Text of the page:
Hudson’s River and encamped in the plains of Saratoga at which
place there is a handsome and commodious dwelling house,”
wrote a British officer of Schuyler House in September 1777.
The officer was a member of Gen. John Burgoyne’s invading
army, whose troops were resting in the small hamlet of Saratoga
on their march south to capture Albany. Less than a month
later the retreating general ordered the house and all of
Schuyler’s mills and outbuildings burned to the ground.
mill was spared from burning and, as the period-garb-clad
guides at Schuyler House will point out, brushing over the
iron latches of the house’s massive front door, workers were
tasked with sifting through the rubble to salvage any useable
hardware—in 1777 every nail and hinge had to be hand-forged
by a blacksmith. Schuyler had to pay his crew three times
the going rate, for fear of “redcoats,” but it took them only
three weeks to rebuild the spacious country home from the
foundation up. Schuyler House has been restored to its revolutionary
grandeur, and this weekend, bustling with 18th-century activity
(though partially quelled by the summer’s unforgiving rains),
the house and grounds offered an entertaining and enlightening
step through time.
to 18th-century day were greeted by the rhythmic strains of
fiddle and hammered dulcimer. Husband-and-wife duo Anne and
Ridley Enslow shared not only their music, but their extensive
knowledge of their instruments, from their history to their
construction and a little in between—did you know the flexible
Pernambuco wood used to make violin bows was originally used
to make sturdy barrels? It was as good an introduction to
the hammered dulcimer as one can hope for: Anne Enslow played
the hammered dulcimer in the Broadway production of The
Secret Garden—a particularly remarkable resume credit
for a particularly rare instrument—and her evocative, light
touch proved why.
husband-and-wife team demonstrated the brewing process for
a fine porter from start to finish. Always a crowd pleaser.
With malted barley stewing in a cast-iron cauldron over an
open fire, the brewers offered tastes of the process: a bite
of malted barley, another taste of the sweet fermented mush,
a look at the delicate green hops flower (added for its antibacterial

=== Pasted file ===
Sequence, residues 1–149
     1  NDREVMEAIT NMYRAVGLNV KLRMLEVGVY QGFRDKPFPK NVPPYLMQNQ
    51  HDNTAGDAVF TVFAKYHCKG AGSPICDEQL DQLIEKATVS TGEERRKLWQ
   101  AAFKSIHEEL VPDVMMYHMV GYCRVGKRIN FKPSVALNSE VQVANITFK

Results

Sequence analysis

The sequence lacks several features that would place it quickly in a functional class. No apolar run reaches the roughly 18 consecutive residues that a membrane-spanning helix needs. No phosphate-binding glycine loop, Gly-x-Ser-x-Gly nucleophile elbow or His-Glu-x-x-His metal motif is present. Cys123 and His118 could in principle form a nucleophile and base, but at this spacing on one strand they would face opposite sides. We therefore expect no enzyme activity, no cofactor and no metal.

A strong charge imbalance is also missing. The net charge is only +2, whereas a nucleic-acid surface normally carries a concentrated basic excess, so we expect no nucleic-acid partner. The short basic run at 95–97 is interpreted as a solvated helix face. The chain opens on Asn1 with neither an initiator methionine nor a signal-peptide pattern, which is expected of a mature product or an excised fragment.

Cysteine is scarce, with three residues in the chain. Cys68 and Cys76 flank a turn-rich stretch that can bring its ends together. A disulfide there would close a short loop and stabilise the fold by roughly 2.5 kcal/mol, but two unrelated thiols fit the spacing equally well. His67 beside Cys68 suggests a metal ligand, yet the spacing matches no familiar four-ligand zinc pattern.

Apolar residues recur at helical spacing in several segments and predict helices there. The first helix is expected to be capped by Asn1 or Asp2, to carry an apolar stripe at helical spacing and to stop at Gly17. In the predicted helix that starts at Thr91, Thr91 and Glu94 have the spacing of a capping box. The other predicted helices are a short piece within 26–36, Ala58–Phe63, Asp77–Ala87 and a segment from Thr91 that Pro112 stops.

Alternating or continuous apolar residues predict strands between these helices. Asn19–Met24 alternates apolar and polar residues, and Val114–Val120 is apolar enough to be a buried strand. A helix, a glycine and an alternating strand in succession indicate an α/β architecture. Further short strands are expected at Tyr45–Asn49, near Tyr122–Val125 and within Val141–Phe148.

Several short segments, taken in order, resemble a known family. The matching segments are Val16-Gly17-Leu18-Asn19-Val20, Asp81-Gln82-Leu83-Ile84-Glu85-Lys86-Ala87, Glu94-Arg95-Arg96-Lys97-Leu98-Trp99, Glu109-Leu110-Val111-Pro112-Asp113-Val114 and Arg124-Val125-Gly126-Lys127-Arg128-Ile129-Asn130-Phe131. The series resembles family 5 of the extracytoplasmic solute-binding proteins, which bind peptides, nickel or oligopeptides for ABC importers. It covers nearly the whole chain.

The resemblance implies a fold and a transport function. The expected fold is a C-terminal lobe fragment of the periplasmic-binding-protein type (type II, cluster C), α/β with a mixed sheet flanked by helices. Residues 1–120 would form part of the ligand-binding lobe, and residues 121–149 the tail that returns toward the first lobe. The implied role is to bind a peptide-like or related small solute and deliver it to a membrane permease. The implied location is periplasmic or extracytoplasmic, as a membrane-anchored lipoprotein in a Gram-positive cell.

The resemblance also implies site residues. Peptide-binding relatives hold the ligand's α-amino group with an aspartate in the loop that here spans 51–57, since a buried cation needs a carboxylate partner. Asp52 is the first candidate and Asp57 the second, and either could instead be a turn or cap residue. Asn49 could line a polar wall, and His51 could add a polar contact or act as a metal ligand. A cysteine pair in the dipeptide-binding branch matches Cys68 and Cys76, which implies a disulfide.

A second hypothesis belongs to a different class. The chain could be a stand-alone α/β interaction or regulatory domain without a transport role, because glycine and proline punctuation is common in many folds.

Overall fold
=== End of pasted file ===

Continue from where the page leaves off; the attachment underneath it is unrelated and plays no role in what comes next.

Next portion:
properties and tasty pollen). And finally, they cracked open
a keg and ladled out cups of the brew itself. The 18th-century
homebrew was a definite hit, much, it seemed, to everyone’s
steps past the brewers, Liz G., a master gardener turned 18th-century
herbalist for the day, offered tours of the Schuyler House
herb garden. The compact plot brims with 42 different types
of herbs, and their caretaker gave visitors an equally compact
and brimming education in botany, and in the plethora of medical,
culinary and household uses for the herbs. Sure, you know
aloe will sooth a burn, but how about rosemary for hair loss
or geranium as a styptic? If you run out of Band-Aids, try
a soft leaf of lamb’s ear. For a candle wick: milkweed.
couple, settled on the wide-plank porch, elaborated on the
herbalist’s lesson. The two have woven their contemporary
careers into a mutual fascination with the history of medicine.
Stuart Lehman is the education coordinator for the state Capitol
and governor’s mansion; his wife, Ruth, is recently retired
from nursing. Their combined knowledge of history and contemporary
medicine made for a fascinating examination of the insight
and errors of the past.
the herbalist’s aromatic remedies were jarred and labeled,
alongside more exotic specimens collected on botanical expeditions.
A mortar and pestle ground cloves and willow to a sweet, fragrant
analgesic. A table of unsettling medical tools sent chills
up the spine: leather retractors, bullet probes, amputation
saws, lances for bloodletting, even a seemingly innocuous
jar of water, which, when lifted, revealed a writhing mass
of hungry leeches.
doctors certainly didn’t get it all right. Abdominal surgery,
no matter how minor, wasn’t attempted; patients would be lost
to peritonitis. Wood and bone handles, insufficient cleansing,
and a lack of germ theory made infection not a risk but a
guarantee. It was, in fact, the color of a patient’s puss
that determined their prognosis.
didn’t get it all wrong either. Eighteenth-century doctors
could tackle cataract surgeries, amputations and even surgeries
to relieve brain swelling. Many active elements in the botanical
remedies are extracted or synthesized by contemporary pharmaceutical
companies. Even those writhing leeches packed a powerful medical
punch: Their bite injects an intense anticoagulant. Enough,
in some cases, to alleviate a heart attack or stroke.
ball mangled with tooth marks—chewed so a patient wouldn’t
bite off his own tongue from the pain of surgery—was a harsh
reminder of the trials of colonial life. A twilight spin through
the battlefield on the trip home was eerily infused with the
specters of battle: the grating of the amputation saw, the
screams of surgery, hands lining worn boots with lamb’s ears
to soften footfalls, ladles of porter, haunting music. The
details that shaped a nation.
PERFORMING ARTS CENTER (Saratoga State Park, Saratoga
Springs, tickets: 476-1000). Sun: Saratoga Music Festival
with Bob Dylan, the Levon Helm Band, the Swell
Season, Conor Oberst and the Mystic Valley Band,
Steve Earle, Gillian Welch and David Rawlings,
Raul Malo. Tue: the Allman Brothers Band, Bob
Weir and Ratdog.
ON THE ROOF (Rooftop patio, Tang Teaching Museum and Art
Gallery, Skidmore College, Saratoga Springs, 580-8080). Fri:
Sonny & Perley.
ALLEY BAR (Long Alley Road, Saratoga, 587-9766). Tue:
karaoke with Mark the Shark.
SARATOGA (2839 Route 9, Malta, 587-0048). Thu: Winchester